|Croweds Gathered in Saint Peter's Square |
the first night of the conclave that elected
It is always ideal when Reformation comes from within the ranks of Church leadership whether through Papal leadership as it will with Innocent III or Conciliar Leadership as at Trent. But what happens when the internal leadership either is not interested in Reform or cannot overcome its internal division in order to fashion and hold to a program of Reform such as happened after Lateran V in 1517? (Don’t worry if you don’t know much about Innocent or Lateran V, we will look at those episodes in detail as time and blog entries unfold.) As I am writing this I can’t but help think how these very days our federal government is so divided over various self-interests (Republicans, Tea-partiers, Democrats) that they can’t forge a program to meet a national crisis regarding the debt. This is what happens when people lose their sense of the common good and seek only to preserve their own self-interest. This happens in Church politics as well as national politics. Original sin sits as heavy on a bishop’s mitered head as a politician’s fat ass.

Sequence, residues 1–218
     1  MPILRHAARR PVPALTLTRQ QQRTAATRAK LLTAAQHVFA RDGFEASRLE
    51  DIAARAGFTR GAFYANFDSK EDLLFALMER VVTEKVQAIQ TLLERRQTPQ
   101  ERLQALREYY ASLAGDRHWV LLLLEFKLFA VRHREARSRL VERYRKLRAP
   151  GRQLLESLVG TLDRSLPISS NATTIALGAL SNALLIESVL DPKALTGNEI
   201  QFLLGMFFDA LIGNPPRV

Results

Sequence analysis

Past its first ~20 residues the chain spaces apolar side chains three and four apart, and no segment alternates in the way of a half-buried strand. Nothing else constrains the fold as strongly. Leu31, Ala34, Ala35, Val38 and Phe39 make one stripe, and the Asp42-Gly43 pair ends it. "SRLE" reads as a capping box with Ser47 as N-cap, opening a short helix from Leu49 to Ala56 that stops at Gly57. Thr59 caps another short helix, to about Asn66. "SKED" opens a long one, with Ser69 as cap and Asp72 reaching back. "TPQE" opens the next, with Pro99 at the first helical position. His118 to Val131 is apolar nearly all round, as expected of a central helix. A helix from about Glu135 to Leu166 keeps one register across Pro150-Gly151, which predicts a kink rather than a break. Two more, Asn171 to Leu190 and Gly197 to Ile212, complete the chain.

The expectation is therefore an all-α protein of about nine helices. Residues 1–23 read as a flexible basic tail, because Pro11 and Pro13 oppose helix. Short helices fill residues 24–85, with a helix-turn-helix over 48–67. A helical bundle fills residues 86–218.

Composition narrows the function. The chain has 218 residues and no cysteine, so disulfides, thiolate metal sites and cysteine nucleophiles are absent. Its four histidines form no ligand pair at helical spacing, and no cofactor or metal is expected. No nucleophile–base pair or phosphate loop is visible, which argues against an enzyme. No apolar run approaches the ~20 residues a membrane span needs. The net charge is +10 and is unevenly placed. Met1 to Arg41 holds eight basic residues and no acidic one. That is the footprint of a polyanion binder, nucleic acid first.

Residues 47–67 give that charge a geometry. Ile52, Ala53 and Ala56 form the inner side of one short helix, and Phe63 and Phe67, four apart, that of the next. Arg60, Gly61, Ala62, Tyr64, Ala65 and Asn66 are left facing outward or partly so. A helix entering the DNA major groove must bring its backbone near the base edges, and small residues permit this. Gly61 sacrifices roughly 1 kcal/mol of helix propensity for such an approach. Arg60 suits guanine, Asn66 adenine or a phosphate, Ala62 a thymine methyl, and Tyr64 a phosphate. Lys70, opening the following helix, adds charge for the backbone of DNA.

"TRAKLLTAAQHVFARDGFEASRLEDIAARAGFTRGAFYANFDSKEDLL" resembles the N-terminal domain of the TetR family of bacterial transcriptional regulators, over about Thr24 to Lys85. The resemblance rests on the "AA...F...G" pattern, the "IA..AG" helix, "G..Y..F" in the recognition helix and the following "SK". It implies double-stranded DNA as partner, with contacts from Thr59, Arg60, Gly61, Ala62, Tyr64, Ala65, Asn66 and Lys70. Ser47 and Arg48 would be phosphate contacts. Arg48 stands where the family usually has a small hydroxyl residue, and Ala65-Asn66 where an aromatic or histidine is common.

And that is why I want to look at the question of Reformations in the history of the Church. Today there is no Emperor to take charge and clean up the mess and the curias (or technically curiae) of John Paul II and Benedict XVI are too complicit in the problems for the their papacies to be effective in the needed reform the Church .
Why do I think that the Church today needs yet another Reformation? Well, in the first place, the Church always needs a Reformation. Ecclesia semper reformans, semper reformanda—the Church, always reforming and always in need of reform. That is just a principle of history of the Church. Just as no one of us individual Christians is ever quite “there” but continue to journey on towards the perfection to which we are called in our baptism so too the collective assembly of the faithful is never fully what Christ calls us to be as his Church.
I do have some more concrete examples of why we need to have a Reformation—and it is not an exhaustive list. I am sure there are other reasons beyond the one’s I am going to enumerate.